• Endothelial progenitor cell;
  • Aspirin;
  • Migration;
  • Adhesion;
  • Senescence;
  • Proliferation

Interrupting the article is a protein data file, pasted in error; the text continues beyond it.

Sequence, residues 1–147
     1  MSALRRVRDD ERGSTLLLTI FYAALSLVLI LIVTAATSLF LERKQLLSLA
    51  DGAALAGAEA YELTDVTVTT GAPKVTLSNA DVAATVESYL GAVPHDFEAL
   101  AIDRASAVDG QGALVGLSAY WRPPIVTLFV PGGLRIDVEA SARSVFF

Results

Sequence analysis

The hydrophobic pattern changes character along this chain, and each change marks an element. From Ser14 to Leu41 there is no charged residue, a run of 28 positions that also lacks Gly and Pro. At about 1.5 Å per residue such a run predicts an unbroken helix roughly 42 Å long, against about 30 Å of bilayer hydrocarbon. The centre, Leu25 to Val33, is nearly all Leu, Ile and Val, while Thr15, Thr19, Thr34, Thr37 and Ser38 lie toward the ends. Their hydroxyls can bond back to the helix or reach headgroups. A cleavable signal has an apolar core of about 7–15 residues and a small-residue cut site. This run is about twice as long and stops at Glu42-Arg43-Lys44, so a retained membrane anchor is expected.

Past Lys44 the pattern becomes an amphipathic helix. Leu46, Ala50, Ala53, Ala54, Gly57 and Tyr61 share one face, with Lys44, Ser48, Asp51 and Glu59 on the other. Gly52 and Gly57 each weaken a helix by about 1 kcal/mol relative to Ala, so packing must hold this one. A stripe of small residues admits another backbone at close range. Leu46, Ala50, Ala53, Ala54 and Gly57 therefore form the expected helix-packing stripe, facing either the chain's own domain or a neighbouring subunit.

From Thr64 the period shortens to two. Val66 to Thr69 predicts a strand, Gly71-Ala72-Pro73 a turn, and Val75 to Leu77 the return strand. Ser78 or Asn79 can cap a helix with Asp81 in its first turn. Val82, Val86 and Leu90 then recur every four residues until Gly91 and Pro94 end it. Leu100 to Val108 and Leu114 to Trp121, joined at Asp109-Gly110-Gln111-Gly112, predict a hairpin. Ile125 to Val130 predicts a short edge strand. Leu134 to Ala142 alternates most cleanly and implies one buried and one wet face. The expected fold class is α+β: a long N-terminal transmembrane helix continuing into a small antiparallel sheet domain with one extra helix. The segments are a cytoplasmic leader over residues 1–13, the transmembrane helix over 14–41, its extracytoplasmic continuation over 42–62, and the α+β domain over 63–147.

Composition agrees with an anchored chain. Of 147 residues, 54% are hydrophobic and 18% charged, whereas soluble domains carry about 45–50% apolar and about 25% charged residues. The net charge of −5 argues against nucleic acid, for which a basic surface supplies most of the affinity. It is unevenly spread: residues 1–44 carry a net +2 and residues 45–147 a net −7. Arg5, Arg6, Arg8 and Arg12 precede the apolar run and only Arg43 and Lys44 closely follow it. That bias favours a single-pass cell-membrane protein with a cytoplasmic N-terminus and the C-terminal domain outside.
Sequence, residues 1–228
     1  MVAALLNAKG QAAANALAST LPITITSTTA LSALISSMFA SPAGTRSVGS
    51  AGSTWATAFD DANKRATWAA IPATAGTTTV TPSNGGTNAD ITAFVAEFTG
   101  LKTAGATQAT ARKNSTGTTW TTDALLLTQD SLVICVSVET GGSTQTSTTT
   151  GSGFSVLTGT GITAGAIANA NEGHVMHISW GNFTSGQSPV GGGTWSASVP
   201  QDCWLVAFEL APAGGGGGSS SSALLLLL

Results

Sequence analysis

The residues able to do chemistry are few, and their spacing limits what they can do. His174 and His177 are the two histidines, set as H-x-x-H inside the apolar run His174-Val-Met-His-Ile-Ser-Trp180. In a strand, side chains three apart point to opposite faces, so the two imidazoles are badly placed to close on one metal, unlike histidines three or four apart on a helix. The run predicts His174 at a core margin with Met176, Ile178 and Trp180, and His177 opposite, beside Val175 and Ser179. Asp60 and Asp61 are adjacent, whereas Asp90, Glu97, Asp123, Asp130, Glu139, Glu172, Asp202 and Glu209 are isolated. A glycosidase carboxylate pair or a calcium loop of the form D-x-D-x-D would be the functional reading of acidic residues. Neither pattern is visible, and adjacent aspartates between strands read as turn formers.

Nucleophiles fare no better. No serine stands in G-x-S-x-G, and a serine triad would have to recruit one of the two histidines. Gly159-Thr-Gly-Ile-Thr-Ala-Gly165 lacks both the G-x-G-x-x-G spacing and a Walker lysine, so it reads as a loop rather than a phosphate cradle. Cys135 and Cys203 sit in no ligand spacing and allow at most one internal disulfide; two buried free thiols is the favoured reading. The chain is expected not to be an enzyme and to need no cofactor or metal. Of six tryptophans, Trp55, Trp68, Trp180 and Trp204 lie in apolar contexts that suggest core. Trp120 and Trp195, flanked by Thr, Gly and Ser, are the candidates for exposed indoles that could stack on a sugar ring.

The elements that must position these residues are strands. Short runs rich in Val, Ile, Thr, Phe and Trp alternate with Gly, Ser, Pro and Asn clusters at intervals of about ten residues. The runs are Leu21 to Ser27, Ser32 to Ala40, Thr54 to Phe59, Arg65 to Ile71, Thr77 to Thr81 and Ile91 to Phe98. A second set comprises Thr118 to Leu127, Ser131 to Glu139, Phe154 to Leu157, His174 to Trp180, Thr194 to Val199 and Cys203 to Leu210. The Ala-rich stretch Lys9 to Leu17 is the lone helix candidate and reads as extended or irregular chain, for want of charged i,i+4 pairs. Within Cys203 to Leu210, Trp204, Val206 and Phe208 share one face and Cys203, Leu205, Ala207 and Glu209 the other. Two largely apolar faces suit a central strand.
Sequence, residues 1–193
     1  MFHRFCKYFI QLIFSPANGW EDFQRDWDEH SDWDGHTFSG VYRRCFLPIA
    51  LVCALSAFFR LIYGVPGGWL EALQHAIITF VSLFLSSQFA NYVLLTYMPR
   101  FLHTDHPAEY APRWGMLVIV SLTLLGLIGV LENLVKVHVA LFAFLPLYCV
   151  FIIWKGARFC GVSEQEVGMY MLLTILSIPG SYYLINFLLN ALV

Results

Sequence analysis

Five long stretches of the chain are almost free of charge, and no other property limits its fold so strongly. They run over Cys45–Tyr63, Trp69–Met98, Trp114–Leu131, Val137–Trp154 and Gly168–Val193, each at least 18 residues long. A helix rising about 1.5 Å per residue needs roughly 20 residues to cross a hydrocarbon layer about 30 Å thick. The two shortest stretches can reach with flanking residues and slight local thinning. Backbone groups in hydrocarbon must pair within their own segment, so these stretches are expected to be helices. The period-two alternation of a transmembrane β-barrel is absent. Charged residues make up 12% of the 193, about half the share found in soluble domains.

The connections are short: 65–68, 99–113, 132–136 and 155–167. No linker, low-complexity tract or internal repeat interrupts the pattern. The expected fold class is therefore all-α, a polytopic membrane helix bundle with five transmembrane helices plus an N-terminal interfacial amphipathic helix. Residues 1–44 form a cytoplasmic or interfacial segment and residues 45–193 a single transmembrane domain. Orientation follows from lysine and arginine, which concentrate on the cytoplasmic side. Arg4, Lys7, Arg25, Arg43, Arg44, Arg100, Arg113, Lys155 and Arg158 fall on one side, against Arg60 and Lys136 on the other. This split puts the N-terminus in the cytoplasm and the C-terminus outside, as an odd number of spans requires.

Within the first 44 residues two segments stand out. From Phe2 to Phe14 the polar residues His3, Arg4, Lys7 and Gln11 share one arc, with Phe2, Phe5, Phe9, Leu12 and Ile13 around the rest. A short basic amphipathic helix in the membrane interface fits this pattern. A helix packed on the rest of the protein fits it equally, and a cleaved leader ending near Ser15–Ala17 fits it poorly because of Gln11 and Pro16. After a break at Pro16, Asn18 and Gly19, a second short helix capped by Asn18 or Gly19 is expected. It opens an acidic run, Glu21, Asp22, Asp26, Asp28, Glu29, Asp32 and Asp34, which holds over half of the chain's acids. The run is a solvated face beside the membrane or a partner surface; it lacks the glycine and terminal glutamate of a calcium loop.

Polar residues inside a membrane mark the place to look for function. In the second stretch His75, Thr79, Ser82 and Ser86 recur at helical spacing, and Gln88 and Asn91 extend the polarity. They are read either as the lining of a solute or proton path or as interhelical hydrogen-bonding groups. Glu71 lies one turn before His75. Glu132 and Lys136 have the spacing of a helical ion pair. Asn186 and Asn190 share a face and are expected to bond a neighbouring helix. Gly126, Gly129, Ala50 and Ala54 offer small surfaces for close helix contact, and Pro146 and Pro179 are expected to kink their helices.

Circulating endothelial progenitor cells (EPCs) play a key role in restoring endothelial function and enhancing angiogenesis. However, the effects of low-dose aspirin on circulating EPCs are not well known. We investigated the effects of low-dose aspirin on EPC migration, adhesion, senescence, proliferation, apoptosis and endothelial nitric oxide synthase (eNOS) expression. EPC migration was detected by a modified Boyden chamber assay. EPC adhesion assay was performed by counting adherent cells on fibronectin-coated culture dishes. EPC senescence was assessed by both senescence-associated-β-galactosidase staining and DAPI staining. EPC proliferation was analyzed by MTT assay. EPC apoptosis was evaluated by flow cytometric analysis. eNOS protein expression was measured by Western blotting analysis. Aspirin promoted EPC migratory and adhesive capacity at concentrations between 0.1 and 100 μmol/L and prevented senescence at concentrations between 50 and 100 μmol/L. Meanwhile, aspirin in a range of these concentrations did not affect EPC proliferation, apoptosis or eNOS expression. Our findings indicate that low-dose aspirin promotes migration and adhesion and delays the onset of senescence of EPCs.